A successful SEO campaign can also focus upon increasing traffic for longtail terms as well as main or head terms, and focusing only upon the main terms may not be as good an indicator of the success of that campaign as looking at overall traffic increases.
Learning to use analytics programs in a way that can not only help you understand how successful your site is, but also in a way that can suggest positive changes can be a lot more powerful than ranking reports. I don’t think it hurts to look at rankings, but they are only a small part of the picture, and with personalization influencing where different people might see pages in search results, they may not give a very clear view.
Hi Bill, hope you had a wonderful holiday season. I have visited this post a few times and I think its because its lacking mention of location classifiers. Have you, or do you intend on having more discussion about
Classification of ambiguous geographic references
I think it needs further evaluation and discussion and youâ€™re the man to get the ball rolling. 🙂
Thank you – I hope that your holidays were wonderful as well.
The idea of location classifiers for web pages is a pretty good topic, as it relates to personalization. My post does discuss how a search engine might create “profiles” about searchers, but what I didn’t get into in this post were topics such as how a search engine might also create separate profiles based around User Groups and web sites.
I did write a post about the patent application you link to, Classification of ambiguous geographic references, a few weeks after it was published – Which Newark is the Dominant Newark? Classification of Ambiguous Geographical References in Local Search
In one of my examples from that post, I mention a web page that tells us about a business on “Castro Street” in the “Bay area, but doesn’t provide an actual address. The search engine knows that “Bay area” is a phrase that people often use to refer to the San Francisco bay, but can also refer to places such as Green Bay and Tampa Bay. It also notes that there are a good number of “Castro Streets.” But, the combination of “Bay Area” and “Castro Street” together makes it likely that the business being described is likely in Mountain View, California.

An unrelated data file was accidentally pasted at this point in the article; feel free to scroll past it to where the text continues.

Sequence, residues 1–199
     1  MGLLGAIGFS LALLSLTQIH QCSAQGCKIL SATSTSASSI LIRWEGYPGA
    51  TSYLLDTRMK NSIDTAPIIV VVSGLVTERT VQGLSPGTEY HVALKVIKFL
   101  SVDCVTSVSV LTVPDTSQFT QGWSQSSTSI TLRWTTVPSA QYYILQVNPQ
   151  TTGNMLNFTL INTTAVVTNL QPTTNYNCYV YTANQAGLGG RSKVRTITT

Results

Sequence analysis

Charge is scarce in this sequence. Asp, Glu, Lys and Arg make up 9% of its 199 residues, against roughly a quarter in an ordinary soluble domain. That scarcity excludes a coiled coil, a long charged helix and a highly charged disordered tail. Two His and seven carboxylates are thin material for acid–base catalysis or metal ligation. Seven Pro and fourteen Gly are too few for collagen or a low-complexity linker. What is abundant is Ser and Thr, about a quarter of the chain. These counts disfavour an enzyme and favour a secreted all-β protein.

That web page may then be given a location classification based upon those ambiguous geographic references – which could become part of a profile about the page.
Keep in mind, that it’s also likely that search engines will try to understand other geographical information about web pages and web sites.
For instance, there’s “provider” location of that site – its business address, where it is hosted, the location of any physical storefronts.
There’s a “content” location, which is the geographic area that the content of the site is about.
There’s also a geographical serving area based upon the audience for the site, which could be local, regional, national, or even global. One way that a search engine could glean this information is by traffic to the site.
There are also likely profiles associated with queries as well.
For instance, the word [java] could mean a cup of coffee, a programming language, an Island of the same name, or something else completely. A search engine could note that 70% of the top 100 (or thousand, or some other number) of searches for [java] in the United States tend to be programming related, 20% involve a search for coffee, and the remaining 10% for the Island. The search engine might try to provide a diverse set of results amongst the top 10, showing 7 results for programming, 2 for coffee, and 1 for the island.
Or, the search engine might classify a query as navigational, transactional, or informational. For a navigational search such as ESPN, the search engine might try to show the ESPN home page as the first result. For an informational search, such as [how to make icecream], the search engine might return more informational type sites. For a transactional query, such as [hotels in New Orleans], the search engine might return more commercial pages.